May 21, 2014

Voters again demonstrate strong support for school budgets: 98 percent approved

Source: NYSUT Media Relations
niskayuna budget vote
Caption: Photo by Andrew Watson.

ALBANY, N.Y. May 21, 2014 – Voters across New York state again demonstrated great confidence in their local schools, approving 98 percent of school budgets in Tuesday's balloting, according to a preliminary analysis by New York State United Teachers.

Based on an unofficial count as of 9 a.m., NYSUT said voters approved 549 school budgets and defeated 12 for an unofficial pass rate of 98 percent. In the 24 school districts seeking to pierce the undemocratic tax cap with a 60 percent supermajority vote, 14 succeeded. Vote counts were not immediately available for about 100 school districts, NYSUT said.

NYSUT President Karen E. Magee said voters' overwhelming support for public education comes as no surprise.

"New York's public schools do a great job. Parents and community members know it, and that confidence in teachers and school staff led to another ringing endorsement of responsible school budgets that invest in students and programs, and help move public education forward," she said.

Magee said this year's state aid increase helped school boards to hold average spending increases to 2.63 percent, and the average tax levy increase to 1.98 percent for 2014-15. Still, Magee said, NYSUT and its local unions worked hard to pass school budgets, aided by a $200,000 statewide radio campaign.

"Teachers and School-Related Professionals, together with other NYSUT members working in their communities, mailed postcards, went door to door, handed out fliers and made hundreds of thousands of phone calls to rally support for their school budgets and those candidates who support the programs and policies kids need to succeed," Magee said.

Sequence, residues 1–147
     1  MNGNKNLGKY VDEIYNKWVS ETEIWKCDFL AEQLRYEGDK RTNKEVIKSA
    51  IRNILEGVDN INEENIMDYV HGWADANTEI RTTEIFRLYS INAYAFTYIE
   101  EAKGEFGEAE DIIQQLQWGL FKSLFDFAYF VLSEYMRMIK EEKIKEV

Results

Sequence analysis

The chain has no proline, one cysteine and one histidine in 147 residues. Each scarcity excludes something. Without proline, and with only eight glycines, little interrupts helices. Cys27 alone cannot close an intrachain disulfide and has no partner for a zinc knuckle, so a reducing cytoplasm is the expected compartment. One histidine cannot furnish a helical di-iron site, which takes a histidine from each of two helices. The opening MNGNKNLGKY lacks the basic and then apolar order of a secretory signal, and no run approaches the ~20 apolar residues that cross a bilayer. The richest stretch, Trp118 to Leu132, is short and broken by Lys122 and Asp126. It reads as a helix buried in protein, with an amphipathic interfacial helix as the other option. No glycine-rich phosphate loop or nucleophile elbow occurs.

NYSUT Executive Vice President Andrew Pallotta said a $1.1 billion state aid increase stopped the hemorrhaging of education professionals and school programs this year, but was still not enough to overcome the impact of state aid cuts during the Great Recession. Meanwhile, he said, the undemocratic tax cap is denying communities local control over their schools and is allowing a minority of voters to dictate lower spending levels against the wishes of the majority.

"Local taxpayers should be able to decide – without interference from Albany – how much they want to invest in programs for their own children in their own public schools," Pallotta said. "The tax cap unfairly robs them of that choice while permitting 40 percent of the community to undemocratically dictate school spending."

New York State United Teachers is a statewide union with more than 600,000 members in education, human services and health care. NYSUT is affiliated with the American Federation of Teachers, the National Education Association and the AFL-CIO.